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CPSC's Final Interpretive Rule Relating To The Public Database Published In The Federal Register Today


Today, the final interpretive rule establishing the Consumer Product Safety Commission's ("CPSC") Publicly Available Product Safety Information Database was published in the Federal Register.  The Commissioners voted to approve the revised final interpretive rule covering the public database ("Database") following a public meeting held on November 24, 2010.  Section 212 of the Consumer Product Safety Improvement Act of 2008 ("CPSIA") requires the CPSC to establish and maintain a publicly accessible, searchable database "on the safety of consumer products" that must be available to the public by March 11, 2011.  15 U.S.C. § 2055a(a)(1).

The CPSC first published a draft proposed rule to establish the Database on May 24, 2010.  Under the May 24 draft, specified categories of individuals ("submitters") may submit reports of consumer product harm, and registered manufacturers and private labelers may then comment on the reports and intervene to dispute confidential or materially inaccurate content.

After receiving and evaluating comments on the proposed rule, the Agency published a draft final rule on October 14, 2010.  The draft final rule narrowed the identified categories of submitters to the five enumerated by Congress (consumers, government agencies, health care professionals, child service providers, and public safety entities) and eliminated a catch-all "others" category originally contemplated by the earlier draft proposed rule.  The draft final rule also required submitters to supply additional information -- incident date and their submitter category -- before publication of the report in the Database, and amended the rules for verification and publication of, and manufacturer challenges to, material inaccuracies.

During the November 24, 2010 public meeting, Commissioner Robert Adler proposed six additional substantive amendments to the draft final rule.  The changes included slight revisions to the explicit categories of information that cannot be published in a report of harm or transmitted to a manufacturer or private labeler, as well as more substantive changes:

  • Inability to identify the manufacturer (§1102.20(c)): The amended final rule adds a provision that the Commission will not post an incident report if it cannot determine whom the manufacturer or private labeler is from the report but will maintain the report for "internal agency use."

  • Manufacturer comments (§1102.20(g)): The rule permits manufacturers and private labelers to comment on reports of harm, but originally limited publication of such comments to a one-year time frame.  Under the amendment, there is no time limit for posting such comments to the database.  The Commission also retains discretion not to publish comments that are not in the public interest.

  • Confidential Information:  

    • Information Required by the CPSC (§1102.24(b)(4)): The revised final rule further provides that a manufacturer or private labeler who seeks to designate information in an incident report as "confidential" need only state its relationship with the victim and/or submitter and how he or she came to possess confidential information if that that information is "known."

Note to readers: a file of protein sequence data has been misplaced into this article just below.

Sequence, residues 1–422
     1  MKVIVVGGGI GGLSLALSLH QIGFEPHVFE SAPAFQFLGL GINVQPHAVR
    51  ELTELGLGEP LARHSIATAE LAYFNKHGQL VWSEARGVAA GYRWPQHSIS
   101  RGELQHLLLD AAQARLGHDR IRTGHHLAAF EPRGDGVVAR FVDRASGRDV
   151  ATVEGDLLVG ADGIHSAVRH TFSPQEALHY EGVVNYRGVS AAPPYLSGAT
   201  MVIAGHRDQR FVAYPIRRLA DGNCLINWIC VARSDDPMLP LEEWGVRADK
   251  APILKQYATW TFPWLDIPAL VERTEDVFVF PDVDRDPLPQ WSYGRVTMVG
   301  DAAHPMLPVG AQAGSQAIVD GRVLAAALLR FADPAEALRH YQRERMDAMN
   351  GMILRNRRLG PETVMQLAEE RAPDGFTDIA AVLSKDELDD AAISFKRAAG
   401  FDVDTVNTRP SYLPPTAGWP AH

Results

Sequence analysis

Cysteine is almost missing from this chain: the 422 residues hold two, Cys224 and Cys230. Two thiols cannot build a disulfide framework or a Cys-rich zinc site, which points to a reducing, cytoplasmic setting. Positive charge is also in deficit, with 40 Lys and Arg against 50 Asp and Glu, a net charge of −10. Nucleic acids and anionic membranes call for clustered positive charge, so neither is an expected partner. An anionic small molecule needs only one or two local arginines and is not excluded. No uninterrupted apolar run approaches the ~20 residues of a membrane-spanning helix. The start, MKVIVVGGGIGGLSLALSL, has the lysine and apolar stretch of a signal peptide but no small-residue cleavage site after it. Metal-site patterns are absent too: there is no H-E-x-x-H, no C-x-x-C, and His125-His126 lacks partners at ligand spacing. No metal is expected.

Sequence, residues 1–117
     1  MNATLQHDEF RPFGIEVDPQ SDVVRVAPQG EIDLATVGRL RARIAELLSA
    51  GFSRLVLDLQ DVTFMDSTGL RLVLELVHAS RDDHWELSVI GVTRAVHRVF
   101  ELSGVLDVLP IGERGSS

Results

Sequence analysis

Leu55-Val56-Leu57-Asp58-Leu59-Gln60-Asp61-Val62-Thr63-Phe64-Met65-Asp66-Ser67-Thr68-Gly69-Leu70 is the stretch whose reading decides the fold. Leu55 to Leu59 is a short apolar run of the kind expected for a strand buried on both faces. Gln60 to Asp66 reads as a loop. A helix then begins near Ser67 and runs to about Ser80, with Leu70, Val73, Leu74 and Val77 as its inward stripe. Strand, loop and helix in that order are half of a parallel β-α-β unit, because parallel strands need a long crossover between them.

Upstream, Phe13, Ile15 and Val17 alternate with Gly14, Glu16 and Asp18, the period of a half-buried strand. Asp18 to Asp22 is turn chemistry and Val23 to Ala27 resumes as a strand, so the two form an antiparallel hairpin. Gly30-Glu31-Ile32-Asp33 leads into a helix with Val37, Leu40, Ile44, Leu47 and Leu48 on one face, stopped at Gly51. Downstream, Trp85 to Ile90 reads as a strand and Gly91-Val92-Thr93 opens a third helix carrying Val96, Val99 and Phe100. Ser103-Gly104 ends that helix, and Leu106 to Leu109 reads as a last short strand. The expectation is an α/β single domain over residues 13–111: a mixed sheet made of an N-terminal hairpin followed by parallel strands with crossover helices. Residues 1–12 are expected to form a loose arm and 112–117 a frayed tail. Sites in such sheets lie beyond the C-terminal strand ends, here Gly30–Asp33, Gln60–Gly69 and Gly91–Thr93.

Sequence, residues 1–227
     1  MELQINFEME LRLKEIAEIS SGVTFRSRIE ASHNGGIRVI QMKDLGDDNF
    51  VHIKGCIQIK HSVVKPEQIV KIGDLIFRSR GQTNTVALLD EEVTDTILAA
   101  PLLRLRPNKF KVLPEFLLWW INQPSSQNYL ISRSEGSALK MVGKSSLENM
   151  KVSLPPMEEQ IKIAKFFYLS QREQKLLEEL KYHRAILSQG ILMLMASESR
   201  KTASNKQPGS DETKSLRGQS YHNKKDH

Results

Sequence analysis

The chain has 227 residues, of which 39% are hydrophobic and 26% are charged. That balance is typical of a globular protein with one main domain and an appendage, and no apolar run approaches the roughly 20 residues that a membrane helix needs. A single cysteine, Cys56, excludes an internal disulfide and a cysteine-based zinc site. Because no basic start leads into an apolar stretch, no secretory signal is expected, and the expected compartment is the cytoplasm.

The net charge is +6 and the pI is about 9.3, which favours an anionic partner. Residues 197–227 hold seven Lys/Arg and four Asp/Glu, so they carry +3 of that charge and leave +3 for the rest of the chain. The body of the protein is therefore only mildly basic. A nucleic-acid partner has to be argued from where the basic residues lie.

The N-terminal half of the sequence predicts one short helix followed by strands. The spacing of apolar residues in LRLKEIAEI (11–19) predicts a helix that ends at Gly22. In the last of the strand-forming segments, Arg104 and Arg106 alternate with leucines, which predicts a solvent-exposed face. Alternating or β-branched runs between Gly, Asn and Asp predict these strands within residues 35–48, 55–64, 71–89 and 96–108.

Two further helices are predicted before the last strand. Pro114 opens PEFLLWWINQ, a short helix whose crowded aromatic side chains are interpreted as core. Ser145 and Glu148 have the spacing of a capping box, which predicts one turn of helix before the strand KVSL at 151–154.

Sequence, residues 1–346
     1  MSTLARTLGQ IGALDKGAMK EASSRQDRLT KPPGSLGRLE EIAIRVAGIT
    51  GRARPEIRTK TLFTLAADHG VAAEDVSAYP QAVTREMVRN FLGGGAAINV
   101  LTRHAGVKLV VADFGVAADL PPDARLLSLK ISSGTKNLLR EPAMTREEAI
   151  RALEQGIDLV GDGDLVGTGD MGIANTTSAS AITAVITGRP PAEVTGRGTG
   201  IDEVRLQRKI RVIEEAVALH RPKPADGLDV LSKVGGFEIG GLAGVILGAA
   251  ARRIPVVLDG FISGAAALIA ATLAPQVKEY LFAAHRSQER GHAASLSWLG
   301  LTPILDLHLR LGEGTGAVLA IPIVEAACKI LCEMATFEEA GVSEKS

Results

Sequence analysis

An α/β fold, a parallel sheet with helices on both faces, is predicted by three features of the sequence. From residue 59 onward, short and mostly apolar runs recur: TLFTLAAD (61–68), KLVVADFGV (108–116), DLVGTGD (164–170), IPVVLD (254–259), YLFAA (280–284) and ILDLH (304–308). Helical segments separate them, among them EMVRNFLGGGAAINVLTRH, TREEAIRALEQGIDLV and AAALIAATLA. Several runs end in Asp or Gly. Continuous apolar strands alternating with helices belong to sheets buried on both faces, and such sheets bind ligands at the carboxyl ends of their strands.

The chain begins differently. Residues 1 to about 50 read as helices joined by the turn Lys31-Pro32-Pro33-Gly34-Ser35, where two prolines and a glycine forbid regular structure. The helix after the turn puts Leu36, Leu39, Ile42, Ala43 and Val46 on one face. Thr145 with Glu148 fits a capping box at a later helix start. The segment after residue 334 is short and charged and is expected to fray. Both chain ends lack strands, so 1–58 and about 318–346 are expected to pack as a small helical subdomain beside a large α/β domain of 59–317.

• Timing (§1102.24(d)):  The revised rule imposes timing requirements on manufacturers' requests that information be kept confidential.  Once it receives an incident report from the CPSC, a manufacturer or private labeler has nine business days to submit a confidentiality request.  The Commission will then make a determination on the request before posting on the tenth day after transmittal to the manufacturer, or it may redact the allegedly confidential information from the report before publication until it has made a determination regarding confidential treatment.

  • Materially Inaccurate Information (§1102.26(g)): Whereas the draft rule provided that the CPSC "may" refuse to publish, revise or add information to a report after determining that a report contains materially inaccurate information prior to publication, the amended rule now states that the Commission "shall" take appropriate action.

The final draft rule, as modified by Commissioner Adler's amendments, was passed by a 3-2 vote, with Chairman Inez Tenenbaum and Commissioners Adler and Thomas Moore voting in favor, and Commissioners Nancy Nord and Anne Northrup against.  The amendments are reflected in the final rule published today in the Federal Register.

The November 24 public meeting approving this final interpretive rule featured a lively debate among the Commissioners regarding the competing aims of providing consumers with helpful product safety information and ensuring that that information is accurate and trustworthy.  Commissioners Nord and Northrup expressed continuing concerns that under the proposed final rule the Database will contain inaccurate and confusing information based on the Commission's interpretation of acceptable submitters and investigations into material inaccuracies.  In their joint statement, Chairman Tenenbaum and Commissioners Adler and Moore lauded the passage of the rule as a "major victory for consumers and supports of an open government" because of the access to information that it provides. 

The Database is scheduled to launch on March 11, 2011, at  Manufacturers and private labelers may begin registering with the CPSC online at in January 2011, which will enable manufacturers and private labelers to receive electronic notification of reports of harm.

To access Crowell & Moring's prior alert regarding the CPSC's draft final rule relating to the Database, please click here.

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